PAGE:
|Airdate||March 7, 2006
June 12, 2019 (remake)
Anne Frank is a BrainPOP English/Social Studies video launched on March 7, 2006.
Moby is playing hide and seek with Tim. Tim answers a letter about Anne Frank before Moby holds it up.
Tim and Moby explain when Anne Frank's diary is just important. Moby holds up a diary called "My Life is a Robot".
Transcript and QuizEdit
Tim: [muffled] I'm not in here!
Here are some thoughts from young Anne Frank.
“I keep my ideals, because in spite of everything I still believe that people are really good at heart.”
“I don't think of all the misery but of the beauty that still remains.”
“The best remedy for those who are afraid, lonely or unhappy is to go outside, somewhere where they can be quiet, alone with the heavens, nature and God. Because only then does one feel that all is as it should be.”
"How wonderful it is that nobody need wait a single moment before starting to improve the world.”
“I simply can't build my hopes on a foundation of confusion, misery and death... I think... peace and tranquility will return again.”
In Depth Edit
So how did Anne Frank’s family manage to move themselves and their possessions into the secret annex (pictured) without drwing suspicion? It actually took a full year—from July 1941 to July 1942—to carry the plan through.
First, the Franks took their large furniture to the home of Johannes Kleiman, a friend and business associate of Anne's father. Kleiman’s brother owned a small cleaning business, and helped clean the annex before the Franks moved in. He also transported the furniture from Kleiman’s house to the annex during nights and weekends.
Kleiman arranged for bread to be delivered to the office below the annex two or three times a week. Hermann van Pels, the father of the other family in the annex, made a similar deal with a local butcher. An office secretary secretly set aside the milk bottles delivered to the office every day, and Miep Gies’ husband began buying ration cards on the black market.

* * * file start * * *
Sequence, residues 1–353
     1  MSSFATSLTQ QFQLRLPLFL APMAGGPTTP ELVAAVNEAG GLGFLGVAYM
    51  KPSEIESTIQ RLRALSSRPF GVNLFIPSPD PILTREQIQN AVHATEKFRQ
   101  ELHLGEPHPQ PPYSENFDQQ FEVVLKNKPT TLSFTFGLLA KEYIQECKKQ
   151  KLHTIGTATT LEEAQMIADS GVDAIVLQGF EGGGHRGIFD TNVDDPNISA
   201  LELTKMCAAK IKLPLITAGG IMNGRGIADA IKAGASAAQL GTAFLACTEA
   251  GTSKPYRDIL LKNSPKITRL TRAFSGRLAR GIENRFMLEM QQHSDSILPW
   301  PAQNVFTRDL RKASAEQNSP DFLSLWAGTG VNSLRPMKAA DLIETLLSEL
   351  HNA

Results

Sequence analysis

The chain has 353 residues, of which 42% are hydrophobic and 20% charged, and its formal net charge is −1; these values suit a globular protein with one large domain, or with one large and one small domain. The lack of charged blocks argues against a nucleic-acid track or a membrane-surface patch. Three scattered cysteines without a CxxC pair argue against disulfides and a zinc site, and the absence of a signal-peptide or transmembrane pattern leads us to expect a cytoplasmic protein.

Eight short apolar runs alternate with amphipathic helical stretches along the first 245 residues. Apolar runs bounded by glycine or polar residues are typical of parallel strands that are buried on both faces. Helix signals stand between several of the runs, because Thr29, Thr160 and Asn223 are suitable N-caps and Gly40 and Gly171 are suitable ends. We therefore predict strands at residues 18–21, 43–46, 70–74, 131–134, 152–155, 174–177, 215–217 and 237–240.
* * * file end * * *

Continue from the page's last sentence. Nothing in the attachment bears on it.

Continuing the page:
Finally, on July 5, 1942, the Franks’ non-Jewish friends helped move the rest of the family's belongings into the annex. Early on the morning of July 6, Anne and her sister Margot rode their bicycles to the annex. Their parents left a half-hour later, and walked there. All family members wore as many layers of clothes as they could—that way, they wouldn't arouse suspicion by carrying suitcases through the streets.
Laws And Customs Edit
The Nazis invaded the Netherlands in May 1940, quickly overrunning the entire country. Prior to this, the Netherlands was a free, democratic state. Afterward, its citizens, especially Jews, were thoroughly repressed by the Nazi occupiers.
Here, in the words of Anne Frank, are some of the ways in which Jews were discriminated against following the Nazi invasion.
“Our freedom was severely restricted by a series of anti-Jewish decrees: Jews were required to wear a yellow star; Jews were required to turn in their bicycles; Jews were forbidden to use trams; Jews were forbidden to ride in cars, even their own; Jews were required to do their shopping between 3:00 and 5:00 P.M.; Jews were required to frequent only Jewish-owned barbershops and beauty parlors; Jews were forbidden to be out on the streets between 8:00 P.M. and 6:00 A.M.; Jews were forbidden to attend theaters, movies or any other forms of entertainment; Jews were forbidden to use swimming pools, tennis courts, hockey fields or any other athletic fields; Jews were forbidden to go rowing; Jews were forbidden to take part in any athletic activity in public; Jews were forbidden to sit in their gardens or those of their friends after 8:00 P.M.; Jews were forbidden to visit Christians in their homes; Jews were required to attend Jewish schools, etc.”
Did You Know Edit
Like the Christian friends who helped the Franks, non-Jews from all over Europe risked their lives to prevent Jews from falling into Nazi hands. Yad Vashem, the Holocaust memorial in Jerusalem, Israel, has officially recognized more than 20,000 of these helpers as “Righteous Among the Nations.” Here are a few of their stories:
Raoul Wallenberg (pictured) was a Swedish diplomat who saved more than 100,000 Jews by issuing passports and visas and claiming that threatened Jews were protected by the Swedish government. Wallenberg disappeared in 1945, and he probably died for protecting Jews and other oppressed people from the Nazis.
Chiune Sugihara was the Japanese ambassador to Lithuania. He personally issued more than 2,000 passports that saved Polish Jews.
Sir Nicholas Winton, a clerk in the London Stock Exchange, organized a service called the Kindertransport. It placed nearly 700 Jewish Czech children with families in England.
Albert Goring was the brother of Hermann Goring, the head of the Nazi Air Force and one of Hitler’s right-hand men. He forged his brother’s signature on documents that helped Jews and other persecuted people escape Nazi-occupied Europe.